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This is the third part in a multi-part series that will cover everything you need to know about your vehicle’s fuel. Today we are looking at higher octane fuels, and if the additives they boast improve your engine’s efficiency enough to warrant their high price.
The First additive
For nearly as long as there have been cars on the road, there have been fuel companies touting their high-quality fuel that would make your vehicle run like a dream. The first additive has become infamous, and its name was tetraethyl lead (TEL). TEL was the world’s best anti-knock additive. But it’s also extremely toxic and no longer used to prevent knocks in automotive engines.
Factoid: In 1924, a spate of lead poisoning and subsequent insanity among chemical workers led to TEL-treated fuels being called “loony gas.”
Modern Additives & Their Benefits
Today’s premium fuel comes with additives like detergents and anti-corrosives that are heavily marketed as engine-saving technologies. Additive packages enhance the properties of gasoline. Detergents reduce carbon buildup, all the more important these days with high-pressure direct-injection hardware. Antioxidants improve the storage and gas tank life. Corrosion inhibitors and dyes are also added. It’s generally suggested—and no suppliers deny—that premium fuels have more extensive (or rather, expensive) additive packages.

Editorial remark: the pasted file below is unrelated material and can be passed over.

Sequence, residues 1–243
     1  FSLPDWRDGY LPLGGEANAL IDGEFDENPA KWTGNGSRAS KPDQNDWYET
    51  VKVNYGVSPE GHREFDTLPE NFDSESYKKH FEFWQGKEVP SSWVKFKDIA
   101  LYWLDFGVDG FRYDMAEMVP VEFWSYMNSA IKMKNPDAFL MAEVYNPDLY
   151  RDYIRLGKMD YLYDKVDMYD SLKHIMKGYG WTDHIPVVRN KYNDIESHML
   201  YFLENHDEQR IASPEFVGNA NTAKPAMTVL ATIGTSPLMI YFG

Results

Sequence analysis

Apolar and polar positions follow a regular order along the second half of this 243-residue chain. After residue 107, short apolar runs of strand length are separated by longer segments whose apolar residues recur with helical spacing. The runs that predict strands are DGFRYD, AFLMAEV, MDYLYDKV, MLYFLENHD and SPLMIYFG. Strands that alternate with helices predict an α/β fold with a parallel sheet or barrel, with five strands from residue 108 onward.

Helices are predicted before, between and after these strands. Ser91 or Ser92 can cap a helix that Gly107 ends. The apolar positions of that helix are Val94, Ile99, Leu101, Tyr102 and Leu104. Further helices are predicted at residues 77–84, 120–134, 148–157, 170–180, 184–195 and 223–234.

So, Should I Use Premium Fuel?
Not exactly. You see, all of these additives do exactly what they claim. They do reduce carbon build-up and slow corrosion, but these days, all octane grades of all brands of gasoline sold in Canada contain enough engine cleaning detergent additives to protect against the build-up of engine deposits, standards set by the Canadian General Standards Board (CGSB). In Canada, most major gas station retailers now sell top-tier detergent gasoline in all of their octane grades, which is even higher than the standards set by the Canadian General Standards Board. All top-tier gasoline has top-tier level detergents in it, even the Regular gas.
If all Canadian fuel has the necessary additives and detergents as required by the Canadian General Standards Board, does that mean there is no benefit to using premium fuel? We would say that if your owner’s manual does not require a higher octane level for the compression ratio of your engine, there is no need to use premium fuel just for the additives. If you want to put a fuel injector cleaner or detergent through your engine, you can definitely give it a try, there are many over-the-counter options. And doing that once a year will cost you far less than putting unnecessary premium fuel in your tank every fill-up.